Lay Abstract:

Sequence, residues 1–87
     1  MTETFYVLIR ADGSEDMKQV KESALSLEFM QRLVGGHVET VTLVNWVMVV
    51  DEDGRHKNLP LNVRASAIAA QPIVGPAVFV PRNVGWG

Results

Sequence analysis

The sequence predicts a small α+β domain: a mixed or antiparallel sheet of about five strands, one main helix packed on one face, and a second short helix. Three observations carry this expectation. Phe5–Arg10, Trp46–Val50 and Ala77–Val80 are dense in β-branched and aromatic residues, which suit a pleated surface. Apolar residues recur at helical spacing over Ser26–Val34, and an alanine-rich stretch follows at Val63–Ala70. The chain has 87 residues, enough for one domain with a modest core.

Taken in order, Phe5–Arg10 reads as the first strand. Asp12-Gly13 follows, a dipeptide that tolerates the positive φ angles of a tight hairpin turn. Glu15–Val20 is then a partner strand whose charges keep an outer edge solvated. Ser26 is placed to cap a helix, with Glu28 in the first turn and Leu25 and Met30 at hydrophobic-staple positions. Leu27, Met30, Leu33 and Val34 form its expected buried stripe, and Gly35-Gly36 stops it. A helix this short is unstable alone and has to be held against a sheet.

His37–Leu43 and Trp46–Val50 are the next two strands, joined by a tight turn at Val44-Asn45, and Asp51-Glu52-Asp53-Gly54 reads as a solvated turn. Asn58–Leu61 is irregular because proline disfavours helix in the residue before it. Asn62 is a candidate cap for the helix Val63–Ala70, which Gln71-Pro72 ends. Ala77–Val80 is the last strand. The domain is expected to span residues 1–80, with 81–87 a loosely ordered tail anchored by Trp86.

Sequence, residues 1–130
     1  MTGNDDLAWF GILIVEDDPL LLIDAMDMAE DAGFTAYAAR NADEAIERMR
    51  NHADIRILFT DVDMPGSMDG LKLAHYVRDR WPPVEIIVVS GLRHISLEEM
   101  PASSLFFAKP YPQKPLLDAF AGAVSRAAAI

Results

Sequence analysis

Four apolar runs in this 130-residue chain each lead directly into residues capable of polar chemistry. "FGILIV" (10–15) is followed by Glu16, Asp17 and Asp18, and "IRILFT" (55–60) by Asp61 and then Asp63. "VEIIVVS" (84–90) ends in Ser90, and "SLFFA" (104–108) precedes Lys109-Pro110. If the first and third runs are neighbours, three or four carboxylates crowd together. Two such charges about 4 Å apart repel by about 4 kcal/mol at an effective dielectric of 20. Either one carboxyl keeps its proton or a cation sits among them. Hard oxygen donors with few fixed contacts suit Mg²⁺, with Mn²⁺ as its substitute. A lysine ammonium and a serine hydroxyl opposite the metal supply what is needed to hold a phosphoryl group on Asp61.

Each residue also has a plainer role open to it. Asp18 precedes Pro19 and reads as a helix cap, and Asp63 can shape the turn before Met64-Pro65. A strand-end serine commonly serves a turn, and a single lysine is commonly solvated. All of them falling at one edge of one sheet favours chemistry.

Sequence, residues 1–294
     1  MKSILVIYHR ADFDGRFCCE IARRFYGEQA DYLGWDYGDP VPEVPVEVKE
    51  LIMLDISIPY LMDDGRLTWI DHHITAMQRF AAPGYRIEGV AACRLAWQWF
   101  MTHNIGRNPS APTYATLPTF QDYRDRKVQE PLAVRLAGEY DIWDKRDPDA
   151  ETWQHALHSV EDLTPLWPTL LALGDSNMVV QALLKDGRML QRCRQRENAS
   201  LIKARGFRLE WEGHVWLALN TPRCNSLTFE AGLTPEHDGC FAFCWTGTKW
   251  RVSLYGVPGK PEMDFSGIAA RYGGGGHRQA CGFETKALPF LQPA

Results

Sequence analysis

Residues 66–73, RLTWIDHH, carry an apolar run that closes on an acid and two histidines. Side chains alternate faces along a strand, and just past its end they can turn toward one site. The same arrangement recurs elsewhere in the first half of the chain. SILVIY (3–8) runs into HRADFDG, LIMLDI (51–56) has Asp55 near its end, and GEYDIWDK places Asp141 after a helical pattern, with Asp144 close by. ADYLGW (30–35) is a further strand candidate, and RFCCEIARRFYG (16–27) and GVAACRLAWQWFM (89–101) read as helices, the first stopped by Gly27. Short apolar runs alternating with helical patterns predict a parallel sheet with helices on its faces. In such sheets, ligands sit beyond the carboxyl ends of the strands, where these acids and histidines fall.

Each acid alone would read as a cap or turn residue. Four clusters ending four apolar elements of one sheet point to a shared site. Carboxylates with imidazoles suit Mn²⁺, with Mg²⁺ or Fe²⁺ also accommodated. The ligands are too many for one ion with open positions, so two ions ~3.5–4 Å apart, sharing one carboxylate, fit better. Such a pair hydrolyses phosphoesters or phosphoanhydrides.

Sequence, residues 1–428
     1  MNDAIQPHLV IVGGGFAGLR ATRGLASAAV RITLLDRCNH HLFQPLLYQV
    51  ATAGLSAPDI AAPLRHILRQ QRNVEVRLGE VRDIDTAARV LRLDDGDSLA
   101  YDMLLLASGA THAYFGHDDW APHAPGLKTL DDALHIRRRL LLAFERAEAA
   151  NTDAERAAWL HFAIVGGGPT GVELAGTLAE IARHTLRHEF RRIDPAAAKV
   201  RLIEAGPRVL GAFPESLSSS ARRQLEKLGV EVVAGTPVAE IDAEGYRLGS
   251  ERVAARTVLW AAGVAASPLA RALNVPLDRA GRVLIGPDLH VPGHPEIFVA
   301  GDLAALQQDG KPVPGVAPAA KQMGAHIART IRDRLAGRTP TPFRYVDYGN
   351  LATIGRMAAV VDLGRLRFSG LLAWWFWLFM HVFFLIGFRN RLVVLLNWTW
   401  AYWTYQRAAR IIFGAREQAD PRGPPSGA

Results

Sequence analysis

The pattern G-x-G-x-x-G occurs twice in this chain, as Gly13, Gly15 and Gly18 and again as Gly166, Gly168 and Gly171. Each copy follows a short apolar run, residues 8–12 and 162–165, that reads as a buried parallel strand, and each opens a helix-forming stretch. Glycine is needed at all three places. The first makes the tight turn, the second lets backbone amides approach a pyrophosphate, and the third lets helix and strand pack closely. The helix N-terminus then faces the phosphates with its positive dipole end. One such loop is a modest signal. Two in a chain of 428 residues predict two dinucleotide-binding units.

Breast cancer cells can proliferate indefinitely in body or in culture, while normal cells stop growing and become senescent after a finite number of divisions. Since senescence restricts cell multiplication, it is an important defense mechanism against cancer. It is regulated through multiple genes and escape from senescence is an essential early step in tumor progression. Recently, molecular pathways leading to cell senescence have been contemplated as potential targets for cancer therapy. In our ongoing studies, we cloned a human gene, SEN6A, which restores normal cell growth pattern leading to senescence in breast tumor cells. Homology search of human genome database identified SEN6A as a previously known gene, GluR6, which encodes for glutamate receptor 6. Prior to our discovery, it was thought that GluR6 expression was limited to central nervous system, where it is an important receptor for exitatory neurotransmitters. We found that GluR6 is expressed in most tissues; it is expressed at higher lever in senescent cells, relative to young human cells; and gene is turned off in many breast tumor cell lines. Introduction of a cloned GluR6 gene, into breast cancer cells, induces growth arrest leading to senescence. These findings and the location of GluR6 at a region of chromosome 6, which is frequently deleted in breast cancer, suggest that GluR6 is a senescence gene that may be involved in the etiology of breast cancer. The goal of this project is to establish that GluR6, is indeed involved in the regulation of normal cell growth, and alterations in GluR6 gene are related to the development of breast cancer. Specific Aims: 1. A normal copy of GluR6 will be cloned in an inducible vector system and introduced into breast cancer cells in culture. The inducible vector system will allow GluR6 to be turned on or off as required in the experiments. Tumor cells, expressing the transferred gene, will be analyzed for the restoration of normal cell growth pattern and senescence. The same cell population will be examined for growth resumption when the gene is turned off. 2. We will apply microarray technology to identify genes that are turned on or off in response to GluR6 expression and identify molecular pathways associated with GluR6 expression. 3. We will analyze breast tumor tissues and cell lines to catalog mutations in GluR6 that may be responsible for its aberrant expression in breast tumors. In tumor cells where GluR6 is intact but inactive, we will try to find out why and look for ways to reactivate it. This proposal addresses basic question of molecular mechanisms involved in the onset and progression of breast cancer hence is directly related to objectives of the breast cancer research program. Proposed studies will verify GluR6 as a tumor suppressor gene and establish its role in the development of breast tumors. This project will identify new markers for early diagnosis and targets for innovative therapeutic strategies.